Mostly neck pain is caused by injuries due to extreme stress. The neck is particularly vulnerable to injury, especially in falls, car accidents, and sports, where the muscles and ligaments of the neck are forced to move outside their normal range. If the neck is dislocated or fractured, the spinal cord may also be damaged. Neck injury caused by a sudden jerking of the head is commonly called “whiplash.”
Diseases and Conditions causing neck pain: Arthritis causes pain, swelling of the joints, and bone spurs. When these occur in the neck area, neck pain can result.
Osteoporosis weakens bones and can result in small fractures.
Fibromyalgia is a condition that causes muscle pain throughout the body.
As you age, the cervical disks can degenerate (spondylosis), narrowing the space between the vertebrae and adding stress to the joints. When a disk protrudes, it may add pressure to the spinal cord or nerve roots. This is called a herniated cervical disk, also known as a ruptured disk or slipped disk.
Spinal stenosis occurs when the spinal column narrows and causes pressure on the spinal cord. This can be due to long-term inflammation caused by arthritis or other reasons.
Causes of neck pain may include
- Abnormalities in the bone or joints.
- Poor posture.
- Degenerative diseases.
- Muscle strain.
Meningitis is an inflammation of the thin tissue that surrounds the brain and spinal cord. Stiff neck is usually accompanied by fever and severe headache. Meningitis can be deadly and is a medical emergency. If you have symptoms of meningitis, seek help immediately.
Causes of Shoulder Pain
The shoulder has a wide and versatile range of motion. When something goes wrong with your shoulder, it hampers your ability to move freely and can cause a great deal of pain and discomfort.
The shoulder is a ball-and-socket joint that has three main bones: the humerus (long arm bone), the clavicle (collarbone), and the scapula (also known as the shoulder blade). These bones are cushioned by a layer of cartilage. There are two main joints. The acromioclavicular joint is between the highest part of the scapula and the clavicle. The glenohumeral joint is made up of the top, ball-shaped part of the humerus bone and the outer edge of the scapula. This joint is also known as the shoulder joint.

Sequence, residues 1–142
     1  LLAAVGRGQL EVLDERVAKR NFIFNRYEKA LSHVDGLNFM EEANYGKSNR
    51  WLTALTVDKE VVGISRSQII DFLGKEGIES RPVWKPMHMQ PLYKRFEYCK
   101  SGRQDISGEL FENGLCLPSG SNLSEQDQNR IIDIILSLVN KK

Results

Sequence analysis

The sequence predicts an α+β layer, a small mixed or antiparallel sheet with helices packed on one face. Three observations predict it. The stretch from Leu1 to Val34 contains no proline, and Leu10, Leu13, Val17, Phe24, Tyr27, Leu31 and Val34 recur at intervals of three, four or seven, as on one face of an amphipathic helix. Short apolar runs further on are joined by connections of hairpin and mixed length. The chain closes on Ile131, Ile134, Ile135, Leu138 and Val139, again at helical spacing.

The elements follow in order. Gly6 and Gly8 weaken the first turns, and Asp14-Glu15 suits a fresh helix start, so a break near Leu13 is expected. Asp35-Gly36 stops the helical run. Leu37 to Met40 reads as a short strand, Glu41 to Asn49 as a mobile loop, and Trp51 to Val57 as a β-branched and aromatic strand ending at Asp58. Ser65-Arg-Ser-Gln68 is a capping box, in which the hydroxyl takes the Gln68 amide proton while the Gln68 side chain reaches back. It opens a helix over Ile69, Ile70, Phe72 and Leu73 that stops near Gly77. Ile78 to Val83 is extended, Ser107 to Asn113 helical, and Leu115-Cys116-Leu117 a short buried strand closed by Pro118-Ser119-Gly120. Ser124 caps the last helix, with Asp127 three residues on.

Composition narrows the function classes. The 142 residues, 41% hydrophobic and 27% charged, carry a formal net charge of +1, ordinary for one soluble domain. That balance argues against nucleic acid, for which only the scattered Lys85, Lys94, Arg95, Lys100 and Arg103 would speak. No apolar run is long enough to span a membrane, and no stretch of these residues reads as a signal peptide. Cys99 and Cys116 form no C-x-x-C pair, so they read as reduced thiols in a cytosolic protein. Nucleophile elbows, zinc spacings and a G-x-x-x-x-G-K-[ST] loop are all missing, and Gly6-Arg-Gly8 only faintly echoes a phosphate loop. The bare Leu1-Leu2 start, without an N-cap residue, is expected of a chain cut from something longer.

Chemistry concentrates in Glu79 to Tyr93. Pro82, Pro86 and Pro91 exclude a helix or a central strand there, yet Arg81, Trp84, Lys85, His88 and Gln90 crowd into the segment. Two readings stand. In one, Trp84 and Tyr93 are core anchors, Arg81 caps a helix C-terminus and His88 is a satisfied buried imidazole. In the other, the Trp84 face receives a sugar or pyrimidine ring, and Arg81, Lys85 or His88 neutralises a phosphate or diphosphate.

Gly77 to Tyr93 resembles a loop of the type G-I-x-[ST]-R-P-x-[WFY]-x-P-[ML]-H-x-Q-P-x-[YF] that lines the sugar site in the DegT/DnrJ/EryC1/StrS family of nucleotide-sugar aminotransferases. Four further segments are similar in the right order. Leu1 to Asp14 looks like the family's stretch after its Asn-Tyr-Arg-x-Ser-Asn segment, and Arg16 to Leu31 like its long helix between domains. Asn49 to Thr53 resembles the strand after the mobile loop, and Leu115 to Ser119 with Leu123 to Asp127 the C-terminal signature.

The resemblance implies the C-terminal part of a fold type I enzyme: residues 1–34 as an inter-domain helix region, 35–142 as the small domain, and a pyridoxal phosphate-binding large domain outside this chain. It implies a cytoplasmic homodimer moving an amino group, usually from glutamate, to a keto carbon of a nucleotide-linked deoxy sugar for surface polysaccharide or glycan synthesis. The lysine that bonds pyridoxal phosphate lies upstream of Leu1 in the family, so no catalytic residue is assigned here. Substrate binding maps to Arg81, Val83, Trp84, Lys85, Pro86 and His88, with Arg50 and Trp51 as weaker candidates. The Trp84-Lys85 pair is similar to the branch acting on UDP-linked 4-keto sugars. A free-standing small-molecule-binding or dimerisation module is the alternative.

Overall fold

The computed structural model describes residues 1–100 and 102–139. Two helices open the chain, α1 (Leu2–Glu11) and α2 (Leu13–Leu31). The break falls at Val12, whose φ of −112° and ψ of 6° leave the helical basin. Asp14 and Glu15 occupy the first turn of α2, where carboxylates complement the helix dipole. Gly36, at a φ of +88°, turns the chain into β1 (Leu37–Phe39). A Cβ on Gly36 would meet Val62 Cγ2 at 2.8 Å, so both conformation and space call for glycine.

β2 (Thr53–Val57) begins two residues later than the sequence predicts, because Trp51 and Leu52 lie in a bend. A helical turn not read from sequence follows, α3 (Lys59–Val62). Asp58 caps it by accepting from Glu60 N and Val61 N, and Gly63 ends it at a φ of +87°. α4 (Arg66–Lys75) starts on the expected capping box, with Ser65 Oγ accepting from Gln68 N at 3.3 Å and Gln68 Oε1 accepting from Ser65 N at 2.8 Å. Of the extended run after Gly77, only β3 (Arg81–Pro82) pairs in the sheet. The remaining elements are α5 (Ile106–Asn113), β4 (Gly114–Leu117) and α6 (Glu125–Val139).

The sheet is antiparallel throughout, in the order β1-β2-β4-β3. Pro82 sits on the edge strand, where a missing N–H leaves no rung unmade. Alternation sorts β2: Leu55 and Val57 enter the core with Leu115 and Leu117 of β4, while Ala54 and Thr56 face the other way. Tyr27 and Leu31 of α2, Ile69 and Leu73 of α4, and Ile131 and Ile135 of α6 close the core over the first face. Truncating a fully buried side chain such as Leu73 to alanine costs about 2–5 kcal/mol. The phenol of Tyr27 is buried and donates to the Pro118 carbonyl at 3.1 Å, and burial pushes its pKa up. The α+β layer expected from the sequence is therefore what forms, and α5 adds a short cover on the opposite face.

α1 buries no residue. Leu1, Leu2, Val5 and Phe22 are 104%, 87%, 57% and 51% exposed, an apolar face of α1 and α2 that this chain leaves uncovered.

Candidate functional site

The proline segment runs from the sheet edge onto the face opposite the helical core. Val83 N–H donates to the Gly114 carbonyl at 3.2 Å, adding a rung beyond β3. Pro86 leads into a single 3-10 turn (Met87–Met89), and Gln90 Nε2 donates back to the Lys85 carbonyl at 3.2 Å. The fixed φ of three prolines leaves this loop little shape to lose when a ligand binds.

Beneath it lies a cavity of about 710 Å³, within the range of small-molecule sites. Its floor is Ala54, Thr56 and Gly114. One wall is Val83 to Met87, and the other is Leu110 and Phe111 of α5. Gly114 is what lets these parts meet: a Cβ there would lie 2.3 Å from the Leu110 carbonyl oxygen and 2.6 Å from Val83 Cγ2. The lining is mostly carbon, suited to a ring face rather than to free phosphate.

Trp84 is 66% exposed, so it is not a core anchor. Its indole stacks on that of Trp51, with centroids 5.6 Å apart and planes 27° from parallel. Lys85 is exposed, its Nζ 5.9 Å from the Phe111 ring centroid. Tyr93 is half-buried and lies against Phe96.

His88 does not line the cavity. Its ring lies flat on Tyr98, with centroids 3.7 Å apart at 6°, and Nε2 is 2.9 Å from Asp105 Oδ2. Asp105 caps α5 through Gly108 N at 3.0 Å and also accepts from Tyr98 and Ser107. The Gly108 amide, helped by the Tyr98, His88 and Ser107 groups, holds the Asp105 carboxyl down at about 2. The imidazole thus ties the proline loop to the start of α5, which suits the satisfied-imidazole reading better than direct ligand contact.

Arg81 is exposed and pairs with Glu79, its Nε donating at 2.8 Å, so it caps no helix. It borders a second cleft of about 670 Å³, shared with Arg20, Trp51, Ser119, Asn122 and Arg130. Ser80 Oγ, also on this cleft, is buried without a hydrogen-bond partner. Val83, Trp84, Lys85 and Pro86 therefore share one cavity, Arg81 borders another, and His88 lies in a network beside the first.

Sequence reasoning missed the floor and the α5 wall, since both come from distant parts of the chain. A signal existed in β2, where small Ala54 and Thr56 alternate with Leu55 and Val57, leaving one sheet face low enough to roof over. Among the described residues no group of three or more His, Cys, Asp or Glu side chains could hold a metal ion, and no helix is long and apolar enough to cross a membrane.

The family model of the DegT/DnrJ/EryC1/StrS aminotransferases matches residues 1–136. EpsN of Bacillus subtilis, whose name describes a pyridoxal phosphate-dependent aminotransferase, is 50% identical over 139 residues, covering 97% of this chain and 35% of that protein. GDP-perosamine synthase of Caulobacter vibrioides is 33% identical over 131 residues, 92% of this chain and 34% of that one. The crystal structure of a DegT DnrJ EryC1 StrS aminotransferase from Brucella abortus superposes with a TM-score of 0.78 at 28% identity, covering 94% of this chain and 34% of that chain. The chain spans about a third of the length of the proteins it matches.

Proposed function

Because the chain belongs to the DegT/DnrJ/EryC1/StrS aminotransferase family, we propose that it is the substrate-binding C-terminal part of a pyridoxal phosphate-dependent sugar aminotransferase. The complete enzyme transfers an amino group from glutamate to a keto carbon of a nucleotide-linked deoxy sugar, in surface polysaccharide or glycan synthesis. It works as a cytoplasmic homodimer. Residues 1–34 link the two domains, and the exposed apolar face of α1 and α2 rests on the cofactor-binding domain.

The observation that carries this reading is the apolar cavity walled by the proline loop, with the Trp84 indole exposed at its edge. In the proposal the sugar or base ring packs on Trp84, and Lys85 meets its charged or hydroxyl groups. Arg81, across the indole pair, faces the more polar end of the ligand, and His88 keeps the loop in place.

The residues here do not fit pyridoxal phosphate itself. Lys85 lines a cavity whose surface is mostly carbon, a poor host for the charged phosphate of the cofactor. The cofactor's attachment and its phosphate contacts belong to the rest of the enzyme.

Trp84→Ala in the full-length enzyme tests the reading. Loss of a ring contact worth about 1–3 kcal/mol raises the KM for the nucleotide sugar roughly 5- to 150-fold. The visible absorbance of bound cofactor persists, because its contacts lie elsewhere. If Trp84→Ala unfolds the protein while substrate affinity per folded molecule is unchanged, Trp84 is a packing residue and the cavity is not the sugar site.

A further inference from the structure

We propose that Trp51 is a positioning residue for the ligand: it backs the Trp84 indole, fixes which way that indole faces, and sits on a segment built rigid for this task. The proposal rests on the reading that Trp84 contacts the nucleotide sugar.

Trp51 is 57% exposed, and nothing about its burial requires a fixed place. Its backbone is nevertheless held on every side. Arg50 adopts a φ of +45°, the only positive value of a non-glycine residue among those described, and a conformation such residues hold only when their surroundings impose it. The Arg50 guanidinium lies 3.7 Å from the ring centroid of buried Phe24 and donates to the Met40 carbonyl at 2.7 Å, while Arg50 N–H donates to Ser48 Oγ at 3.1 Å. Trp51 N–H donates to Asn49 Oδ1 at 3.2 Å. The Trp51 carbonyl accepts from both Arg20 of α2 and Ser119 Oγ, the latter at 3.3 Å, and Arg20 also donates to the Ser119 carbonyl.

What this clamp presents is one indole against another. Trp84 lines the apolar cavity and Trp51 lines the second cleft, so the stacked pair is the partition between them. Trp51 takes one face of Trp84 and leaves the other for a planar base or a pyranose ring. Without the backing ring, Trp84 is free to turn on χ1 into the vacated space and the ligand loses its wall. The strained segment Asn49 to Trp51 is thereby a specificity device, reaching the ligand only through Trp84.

The shoulder joint is the most mobile joint in the body. It moves the shoulder forward and backward. It also allows the arm to move in a circular motion, and to move up and away from the body.
Shoulders get their range of motion from the rotator cuff. The rotator cuff is made up of four tendons. Tendons are the tissues that connect muscles to bone. It may be painful or difficult to lift your arm over your head if the tendons or bones around the rotator cuff are damaged or swollen.
You can injure your shoulder by performing manual labor, playing sports, or even by repetitive movement. Certain diseases can bring about pain that travels to the shoulder. These include diseases of the cervical spine of the neck, as well as liver, heart, or gallbladder disease.
You’re more likely to have problems with your shoulder as you grow older. It is especially common after age 60. This is because the soft tissues surrounding the shoulder tend to degenerate with age.
In many cases, you can treat shoulder pain at home. However, physical therapy, medications, or surgery may also be necessary.
A number of factors and conditions can contribute to shoulder pain. The most prevalent cause is rotator cuff tendinitis. This is a condition characterized by inflamed tendons. Another common cause of shoulder pain is an impingement syndrome where the rotator cuff gets caught between the acromium (part of the scapula that covers the ball) and humeral head (the ball portion of the humerus).
Sometimes shoulder pain is the result of injury to another location in your body, usually the neck or bicep. This is known as referred pain. Referred pain generally doesn’t get worse when you move your shoulder.
Other causes of shoulder pain include several forms of arthritis, torn cartilage, or a torn rotator cuff. Swelling of the bursa sacs (which protect the shoulder) or tendons can also cause pain. Some people develop bone spurs, which are bony projections that develop along the edges of bones.
Pinching a nerve in the neck or shoulder, or breaking a shoulder or arm bone, are also causes of pain. A frozen shoulder is when tendons, ligaments, and muscles stiffen and become difficult or impossible to move. A dislocated shoulder is when the ball of the humerus pulls out of the shoulder socket. An injury due to overuse or repetitive use can cause injury.
Serious conditions such as a spinal cord injury or a heart attack may lead to shoulder pain.
Shoulder pain causes may include
- Avascular necrosis
- Brachial plexus injury
- Broken arm
- Cervical radiculopathy
- Dislocated shoulder
- Frozen shoulder
- Heart attack
- Sprains and strains
- Polymyalgia rheumatica
- Rheumatoid arthritis
- Rotator cuff injury
- Separated shoulder
- Septic arthritis
- Tendon rupture
- Thoracic outlet syndrome
- Torn cartilage